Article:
Wisdom teeth are the last teeth to erupt in the mouth, typically between the ages of 17 and 25. They are so named because they are generally considered to be a sign of maturity and experience. Wisdom teeth usually come in behind your existing teeth and can cause pain and discomfort when they do. In this blog post, we will discuss all you need to know about wisdom tooth eruption: what they are, when they come in, how to tell if they’re coming in, and what to do if you think you’re experiencing symptoms of wisdom tooth eruption.
What are wisdom teeth?
Wisdom teeth are the third and final set of molars that most people get in their lifetime. They usually come in during the late teenage years or early twenties, when a person is believed to have matured and acquired wisdom. For some people, they erupt with no problems and cause no pain. However, for others, wisdom teeth can be a real pain–literally! When they first start to come in, they can cause a lot of discomfort. Some people even experience symptoms like:
- Pain in the jaw
- Swelling of the gums towards the back of the mouth
- Redness and inflammation of the gums towards the back of the mouth
- Discharge from around the wisdom tooth
- Difficulty opening the mouth wide
- Pain when biting or chewing
- A bad taste in the mouth/chronic bad breath
If you are experiencing any of these symptoms, then your wisdom teeth may be coming in and it’s important to see a dentist right away. They will be able to take an x-ray of your mouth and determine if your wisdom teeth are indeed coming in and whether they are impacted.
What is an impacted wisdom tooth?
An impacted wisdom tooth is a tooth that does not have enough room to come in (erupt) properly. When this happens, the tooth can get stuck (impacted) against the bone or another tooth. Impacted teeth usually only partially come through the gum. They may cause problems if they are not treated early on. Some of the problems that can be caused by impacted wisdom teeth include pain, infection, cysts, and damage to the surrounding teeth.
There are different types of wisdom teeth impactions, including:
- Partial impactions: The tooth has broken through the gum, but is stuck against the bone. With a partial impaction, you can see part of the tooth.
- Full impactions: The tooth has not broken through the gum and is completely trapped by the bone. With a full impaction, the entire tooth is completely hidden below the gums.
Unfortunately impacted wisdom teeth are somewhat common. This is because wisdom teeth are a part of our evolutionary past. They were essential when the diet of early humans was made up of tough foods like leaves, seeds, and gamey meats. As food preparation methods changed the way food was eaten, the human skull started to evolve with larger brains and a small oral cavity. Nowadays, the modern human skull is shaped differently, meaning there is not as much room for this third set of molars. As a result, there is not always enough room for them to erupt properly.
What Happens After Your Wisdom Teeth Erupt:
If your wisdom teeth erupt properly, then you will just need to brush and floss them like your other teeth. Your dentist will continue to monitor your wisdom teeth as you age, since it is possible to develop complications later down the road.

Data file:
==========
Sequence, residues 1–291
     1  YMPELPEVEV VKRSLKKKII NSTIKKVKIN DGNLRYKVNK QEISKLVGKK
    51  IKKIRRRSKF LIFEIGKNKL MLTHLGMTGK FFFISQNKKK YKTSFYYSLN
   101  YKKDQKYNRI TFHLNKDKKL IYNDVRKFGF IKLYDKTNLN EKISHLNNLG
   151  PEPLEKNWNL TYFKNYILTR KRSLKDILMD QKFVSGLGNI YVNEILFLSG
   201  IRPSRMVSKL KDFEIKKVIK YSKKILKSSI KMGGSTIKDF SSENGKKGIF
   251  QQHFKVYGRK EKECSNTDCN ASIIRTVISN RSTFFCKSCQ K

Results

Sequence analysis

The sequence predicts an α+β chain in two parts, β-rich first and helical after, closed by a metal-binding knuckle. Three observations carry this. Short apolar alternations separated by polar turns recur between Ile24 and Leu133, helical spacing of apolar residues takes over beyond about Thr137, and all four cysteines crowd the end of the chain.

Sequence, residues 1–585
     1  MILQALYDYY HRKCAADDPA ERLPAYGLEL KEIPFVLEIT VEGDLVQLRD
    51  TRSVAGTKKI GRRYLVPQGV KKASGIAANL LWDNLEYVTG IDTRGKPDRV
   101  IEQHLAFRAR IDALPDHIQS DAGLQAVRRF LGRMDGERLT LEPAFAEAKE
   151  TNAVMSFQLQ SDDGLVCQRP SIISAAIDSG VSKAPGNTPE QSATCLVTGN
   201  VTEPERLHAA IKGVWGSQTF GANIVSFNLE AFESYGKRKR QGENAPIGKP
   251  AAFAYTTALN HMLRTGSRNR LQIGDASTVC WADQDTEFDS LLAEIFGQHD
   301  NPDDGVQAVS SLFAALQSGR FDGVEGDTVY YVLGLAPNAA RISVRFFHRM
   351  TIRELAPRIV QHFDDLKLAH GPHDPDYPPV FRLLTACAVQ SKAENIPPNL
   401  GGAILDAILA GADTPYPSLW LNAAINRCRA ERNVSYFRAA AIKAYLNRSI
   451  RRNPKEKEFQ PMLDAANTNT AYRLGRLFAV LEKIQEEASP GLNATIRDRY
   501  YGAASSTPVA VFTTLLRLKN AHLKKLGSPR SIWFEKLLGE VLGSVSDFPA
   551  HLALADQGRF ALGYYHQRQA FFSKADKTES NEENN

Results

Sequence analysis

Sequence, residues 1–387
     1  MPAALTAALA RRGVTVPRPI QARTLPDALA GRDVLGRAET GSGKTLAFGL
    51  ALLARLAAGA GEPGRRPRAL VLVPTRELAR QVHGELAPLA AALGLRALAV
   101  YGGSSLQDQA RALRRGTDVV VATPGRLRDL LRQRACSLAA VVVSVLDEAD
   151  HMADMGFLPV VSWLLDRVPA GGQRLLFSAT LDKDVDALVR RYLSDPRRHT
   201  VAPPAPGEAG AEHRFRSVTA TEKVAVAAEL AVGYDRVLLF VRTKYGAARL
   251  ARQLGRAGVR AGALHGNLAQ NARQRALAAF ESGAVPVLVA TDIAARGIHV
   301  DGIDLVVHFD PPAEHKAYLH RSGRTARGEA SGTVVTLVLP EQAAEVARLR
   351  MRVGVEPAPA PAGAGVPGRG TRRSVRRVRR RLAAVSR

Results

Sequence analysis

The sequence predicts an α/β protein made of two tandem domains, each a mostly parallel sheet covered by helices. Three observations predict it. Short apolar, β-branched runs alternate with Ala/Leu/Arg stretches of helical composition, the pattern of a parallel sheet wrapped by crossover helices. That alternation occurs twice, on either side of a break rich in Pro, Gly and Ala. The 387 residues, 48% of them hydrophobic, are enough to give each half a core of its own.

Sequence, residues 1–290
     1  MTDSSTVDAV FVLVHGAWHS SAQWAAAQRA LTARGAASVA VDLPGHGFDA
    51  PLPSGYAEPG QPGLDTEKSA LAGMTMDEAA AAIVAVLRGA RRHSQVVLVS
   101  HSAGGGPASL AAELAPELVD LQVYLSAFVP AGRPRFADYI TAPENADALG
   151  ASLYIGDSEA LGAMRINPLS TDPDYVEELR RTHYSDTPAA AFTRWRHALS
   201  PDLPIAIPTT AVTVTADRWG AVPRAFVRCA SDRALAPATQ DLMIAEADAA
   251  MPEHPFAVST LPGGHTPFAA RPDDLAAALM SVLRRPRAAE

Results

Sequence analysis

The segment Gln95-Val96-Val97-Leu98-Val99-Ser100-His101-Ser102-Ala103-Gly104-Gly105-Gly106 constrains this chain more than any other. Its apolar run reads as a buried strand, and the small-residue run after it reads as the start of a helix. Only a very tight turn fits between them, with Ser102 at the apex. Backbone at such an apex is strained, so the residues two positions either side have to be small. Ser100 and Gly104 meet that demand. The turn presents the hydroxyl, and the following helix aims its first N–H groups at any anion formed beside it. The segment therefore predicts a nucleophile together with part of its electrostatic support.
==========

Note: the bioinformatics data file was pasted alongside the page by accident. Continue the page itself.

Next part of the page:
However, if they are impacted or only partially erupted, then you will likely need to have them removed by a dentist or oral surgeon. Having your wisdom teeth removed alleviates the pain caused by impaction, as well as reduces the risk of infection or damage to the surrounding teeth.
There are two types of extractions used to remove wisdom teeth: simple and surgical. Both types of extractions will be performed using dental sedation and anesthetics to keep you calm and comfortable during the procedure.
A simple extraction is when the dentist can see the tooth and remove it with forceps. This type of extraction is usually done for teeth that are not impacted or only partially erupted.
A surgical extraction is a more complex procedure and is usually done for teeth that are fully impacted or unable to be removed with forceps. With a surgical extraction, the dentist will make an incision in the gum to reach the tooth and then remove it. Surgical extractions are usually more complicated and take longer to heal, but they are sometimes necessary if the tooth is impacted.
After your wisdom teeth have been extracted, you will likely need to take some pain medication and eat soft foods for a few days while you heal. You will also need to be sure to brush and floss around the extraction site(s) to prevent infection. Most people recover quickly from having their wisdom teeth extracted.
In this blog, we discussed wisdom teeth, symptoms of wisdom tooth eruption, and when to see a dentist. We also discussed what wisdom teeth impaction is and why it is so common. Finally, we explained why most wisdom teeth will need to be extracted and the different types of wisdom teeth impactions. If you are experiencing any pain or discomfort in your mouth, be sure to see a dentist or oral surgeon as soon as possible. Thanks for reading!